29 July 2014

NUS, SAF Making Life Easier

It beginning to seem that some organisations are changing standards to make people happy.

Grade-Free First Semester
Two months ago, National University of Singapore ("NUS") announced that it will implement a grade-free first semester for first-year undergraduates who are on the modular system. Students will be graded and they can either keep the grade and have it counted toward their Cumulative Average Point ("CAP") or choose a satisfactory / unsatisfactory grade and not have it counted toward their CAP.

NUS says that the objective is to enhance the quality of an NUS education.

Everyone knows, of course, what will happen — students will opt to keep good grades and discard all other grades.

More Students To Be Admitted Into Honours Year
NUS will increase the proportion of students graduating with honours.

This will be achieved by reducing the minimum CAP for a third-year student to proceed to the honours programme from 3.5 to 3.2.
As a result, the number of honours programme students in the affected faculties will increase from approximately 60 per cent to between 70 per cent and 75 per cent.

NUS says that it increasing the number of students in its honours programmes because (i) the quality of its undergraduate intake has continued to increase significantly over the years, and (ii) the added value of the honours programmes will help prepare graduates for a rapidly changing work environment.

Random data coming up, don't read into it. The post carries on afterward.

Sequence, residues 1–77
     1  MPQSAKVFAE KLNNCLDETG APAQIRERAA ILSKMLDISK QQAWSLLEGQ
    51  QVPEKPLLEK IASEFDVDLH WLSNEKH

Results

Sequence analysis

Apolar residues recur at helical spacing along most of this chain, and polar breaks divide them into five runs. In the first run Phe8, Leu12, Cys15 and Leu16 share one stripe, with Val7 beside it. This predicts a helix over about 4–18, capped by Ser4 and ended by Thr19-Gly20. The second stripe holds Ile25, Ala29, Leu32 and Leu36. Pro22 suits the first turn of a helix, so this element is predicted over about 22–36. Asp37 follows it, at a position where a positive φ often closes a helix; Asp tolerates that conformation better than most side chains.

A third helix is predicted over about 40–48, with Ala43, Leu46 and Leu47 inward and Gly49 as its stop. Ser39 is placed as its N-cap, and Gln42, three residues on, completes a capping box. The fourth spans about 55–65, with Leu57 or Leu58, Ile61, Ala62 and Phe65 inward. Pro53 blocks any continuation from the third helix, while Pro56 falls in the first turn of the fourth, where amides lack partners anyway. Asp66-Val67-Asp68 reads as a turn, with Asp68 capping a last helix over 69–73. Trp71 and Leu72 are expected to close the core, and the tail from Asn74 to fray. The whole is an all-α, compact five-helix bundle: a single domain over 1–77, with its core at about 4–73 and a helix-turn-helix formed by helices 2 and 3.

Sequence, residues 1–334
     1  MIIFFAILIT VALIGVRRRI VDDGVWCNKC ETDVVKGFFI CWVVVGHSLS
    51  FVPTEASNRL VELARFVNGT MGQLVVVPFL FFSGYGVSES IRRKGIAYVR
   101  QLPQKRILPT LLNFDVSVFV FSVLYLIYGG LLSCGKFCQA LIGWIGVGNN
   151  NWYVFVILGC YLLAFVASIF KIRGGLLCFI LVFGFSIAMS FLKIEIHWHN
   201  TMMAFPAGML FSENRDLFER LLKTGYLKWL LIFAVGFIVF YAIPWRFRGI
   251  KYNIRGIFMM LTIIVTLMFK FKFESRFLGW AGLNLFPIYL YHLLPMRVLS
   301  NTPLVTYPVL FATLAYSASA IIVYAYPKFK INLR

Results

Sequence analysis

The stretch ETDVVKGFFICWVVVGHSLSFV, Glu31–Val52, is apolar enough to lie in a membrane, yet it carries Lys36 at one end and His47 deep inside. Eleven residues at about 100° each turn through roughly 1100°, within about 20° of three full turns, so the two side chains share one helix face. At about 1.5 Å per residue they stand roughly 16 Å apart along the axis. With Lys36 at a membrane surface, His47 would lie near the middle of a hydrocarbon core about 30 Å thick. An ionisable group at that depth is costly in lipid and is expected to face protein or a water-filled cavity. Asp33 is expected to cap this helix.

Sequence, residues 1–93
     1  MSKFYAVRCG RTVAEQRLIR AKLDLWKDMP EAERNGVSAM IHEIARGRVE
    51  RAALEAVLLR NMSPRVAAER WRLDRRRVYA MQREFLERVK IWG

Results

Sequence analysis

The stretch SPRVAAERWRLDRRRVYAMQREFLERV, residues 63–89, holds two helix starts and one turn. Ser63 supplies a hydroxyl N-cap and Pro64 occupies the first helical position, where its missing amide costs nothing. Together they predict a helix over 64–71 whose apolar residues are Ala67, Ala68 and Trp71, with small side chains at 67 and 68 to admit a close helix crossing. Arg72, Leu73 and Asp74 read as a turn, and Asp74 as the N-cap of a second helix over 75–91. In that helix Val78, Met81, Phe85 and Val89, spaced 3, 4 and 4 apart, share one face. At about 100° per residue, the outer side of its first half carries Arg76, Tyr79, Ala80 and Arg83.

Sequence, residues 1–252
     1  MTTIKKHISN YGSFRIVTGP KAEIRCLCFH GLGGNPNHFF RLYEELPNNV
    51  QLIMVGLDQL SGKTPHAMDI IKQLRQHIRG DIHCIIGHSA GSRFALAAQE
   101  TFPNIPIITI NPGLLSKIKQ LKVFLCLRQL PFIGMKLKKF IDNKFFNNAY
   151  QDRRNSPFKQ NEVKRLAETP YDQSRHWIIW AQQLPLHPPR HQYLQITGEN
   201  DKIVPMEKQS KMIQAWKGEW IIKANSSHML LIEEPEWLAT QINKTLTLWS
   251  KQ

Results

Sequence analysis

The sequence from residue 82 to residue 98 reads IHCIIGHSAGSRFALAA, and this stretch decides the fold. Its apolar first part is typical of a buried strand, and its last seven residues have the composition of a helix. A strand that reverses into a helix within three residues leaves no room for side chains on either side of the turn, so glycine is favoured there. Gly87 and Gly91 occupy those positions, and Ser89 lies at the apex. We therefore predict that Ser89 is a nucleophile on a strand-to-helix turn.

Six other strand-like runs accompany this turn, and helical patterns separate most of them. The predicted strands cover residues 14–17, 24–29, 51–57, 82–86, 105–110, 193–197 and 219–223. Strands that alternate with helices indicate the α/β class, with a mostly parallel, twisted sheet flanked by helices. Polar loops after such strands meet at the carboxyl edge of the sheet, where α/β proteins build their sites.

Only higher performing students are allowed to do the honours programme. 
Honours Degree Classification
NUS will change its honours degree classification.

Current ClassificationRevised Classification
First class honoursHonours (highest distinction)
Second class (upper) honoursHonours (distinction)
Second class (lower) honoursHonours (merit)
Third class honoursHonours

NUS says that the revised classification will more accurately reflect the academic accomplishments of its graduates. Not unexpectedly, NUS points out that major US universities use a similar classification.
The revised classification achieves nothing, apart from obfuscating the different classifications of honours degrees. It appears to be an attempt to whitewash to fact that the lowest honours degree is a third class honours; with the revision, a third class honours is simply an honours degree.
How exactly will the revised classification will more accurately reflect the academic accomplishments of the honours graduates?

The current classification is unambiguous, is widely accepted and has stood the test of time.
Individual Physical Proficiency Test
The Singapore Armed Forces ("SAF") will change the format of the Individual Physical Proficiency Test ("IPPT").

Instead of being tested at five stations (pull-ups, sit-ups, standing broad jump, shuttle run and 2.4 km run), full-time servicemen and reservists will be tested at three stations (push-ups, sit-ups and 2.4 km run).

The SAF says that the revaised IPPT will make fitness less of a burden and more of a lifestyle. Instead of IPPT imposing on the lives of NSmen, it will encourage them to make physical fitness and physical training part of their lifestyles. The new format makes it simpler for NSmen to train in their own time without the need for specialised equipment.

The SAF maintains that its combat readiness will not be affected, because it is being tested in other ways. For good measure, the SAF says that many other military establishments use 3-station tests to keep their forces fit.

But what does the result expected by the SAF — that the revised format will enable more NSmen will pass — say about the revised format?

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